I have learned never to buy new, let the other person pay for all the depriciation. With boat use usually being very low, you could probably find a boat 2-3 years old with only 25-50 hours on it. If it has a warranty, even better. With it being a little older, you can afford to get one a little bigger or with a bigger engine or other ammenities that you just wouldn't be able to get on a brand new due to shear cost. I have learned to appreciate a little larger of a boat, just for the way it handles the waves and the space it give you. 21' seems like a perfect size. Plus, look for ones that have a head under one of the windsheilds, a dual battery system so you don't get stuck out on the water, a fire extinguisher in the engine compartment, maybe a windless anchor or docking lights, gps, depth gauge. If you find someone who is getting out of boating you might even score s tube or ski's, paddles, life vests, etc since they won't be using them anymore. All this you would not get with a new boat purchase. Just a thought.
- 1 decade ago
Definitely used. Boats depreciate dramatically when they leave the dealer showroom. Since your brand new to boating stick with an i/o or 4 stroke outboard. Get more horsepower than you think you need. The boating forums are full of people looking to squeeze more horsepower from their engines when they could have option a bigger motor. In the resale market a few more horsepower costs you little. Sizewise 18ft to 21ft bowriders are good sizes. Just remember that its easier to learn with a smaller boat. You didn't mention your usage but the deckboat style with a glasshull became popular several years ago and are designed for putting everyone onboard for the day.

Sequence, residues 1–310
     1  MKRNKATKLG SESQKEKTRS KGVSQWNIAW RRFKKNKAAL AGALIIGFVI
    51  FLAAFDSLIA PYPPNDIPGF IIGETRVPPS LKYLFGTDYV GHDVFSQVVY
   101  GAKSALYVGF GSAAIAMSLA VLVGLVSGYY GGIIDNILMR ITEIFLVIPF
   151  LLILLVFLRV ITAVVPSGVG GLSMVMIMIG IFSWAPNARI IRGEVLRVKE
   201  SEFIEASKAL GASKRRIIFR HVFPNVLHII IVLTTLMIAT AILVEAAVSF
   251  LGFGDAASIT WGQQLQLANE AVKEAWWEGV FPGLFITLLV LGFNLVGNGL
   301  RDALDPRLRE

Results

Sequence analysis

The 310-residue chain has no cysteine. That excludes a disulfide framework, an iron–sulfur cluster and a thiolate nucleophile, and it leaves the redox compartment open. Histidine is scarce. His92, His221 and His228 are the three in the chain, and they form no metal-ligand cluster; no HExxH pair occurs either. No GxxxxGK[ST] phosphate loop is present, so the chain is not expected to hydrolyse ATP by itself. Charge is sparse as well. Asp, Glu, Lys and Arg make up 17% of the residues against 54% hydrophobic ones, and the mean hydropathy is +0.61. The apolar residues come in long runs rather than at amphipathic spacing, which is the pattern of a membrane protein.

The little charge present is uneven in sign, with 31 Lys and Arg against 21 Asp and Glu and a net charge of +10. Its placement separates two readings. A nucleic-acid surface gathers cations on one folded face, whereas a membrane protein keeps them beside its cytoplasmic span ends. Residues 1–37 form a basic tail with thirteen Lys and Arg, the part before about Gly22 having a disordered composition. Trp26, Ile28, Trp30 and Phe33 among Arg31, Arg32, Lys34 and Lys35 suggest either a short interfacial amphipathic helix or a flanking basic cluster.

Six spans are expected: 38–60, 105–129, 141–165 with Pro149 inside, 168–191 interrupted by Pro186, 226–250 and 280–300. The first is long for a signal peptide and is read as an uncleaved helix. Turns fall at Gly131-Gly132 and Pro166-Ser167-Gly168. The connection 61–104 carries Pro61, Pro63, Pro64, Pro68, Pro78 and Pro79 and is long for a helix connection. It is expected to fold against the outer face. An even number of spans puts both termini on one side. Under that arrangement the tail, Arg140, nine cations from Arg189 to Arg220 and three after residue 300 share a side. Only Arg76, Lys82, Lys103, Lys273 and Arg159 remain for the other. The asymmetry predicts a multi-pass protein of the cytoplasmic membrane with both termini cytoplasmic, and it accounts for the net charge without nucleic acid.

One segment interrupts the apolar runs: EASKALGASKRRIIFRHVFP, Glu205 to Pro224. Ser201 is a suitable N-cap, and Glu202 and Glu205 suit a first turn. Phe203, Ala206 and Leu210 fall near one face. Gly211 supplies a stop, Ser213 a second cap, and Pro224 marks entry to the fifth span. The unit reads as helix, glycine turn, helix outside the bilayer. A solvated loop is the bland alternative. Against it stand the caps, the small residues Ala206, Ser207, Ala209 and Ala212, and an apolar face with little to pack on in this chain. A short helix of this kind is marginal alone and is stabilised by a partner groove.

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- 1 decade ago
You can go used but really research the constuction of the boat. Make sure it is built with Hand laid fibergalss instead of Chopper gun glass. This is a true sign of craftmanshp you want in any type hull. It will last longer therefore giving you more years of good use or better value when you tire of your latest hobby. Of course remember if used to stay away fro mthe ones that have not been used much as that is not good. You want one that has been used but taken care of.
- 1 decade ago
buy a used boat with w/ a transferable warranty.about 3 years old is ideal. don't worry about the resale it wont matter you are getting the boat to use not resale.when its time to sale you can worry about it then. when you buy a boat that is used all the bugs are already worked out of it. when you buy new as soon as you pay for it it is used. try to sell it back to the dealer for the same price. it wont happen.Source(s): personal exsperance
- 1 decade ago
a conoe is the best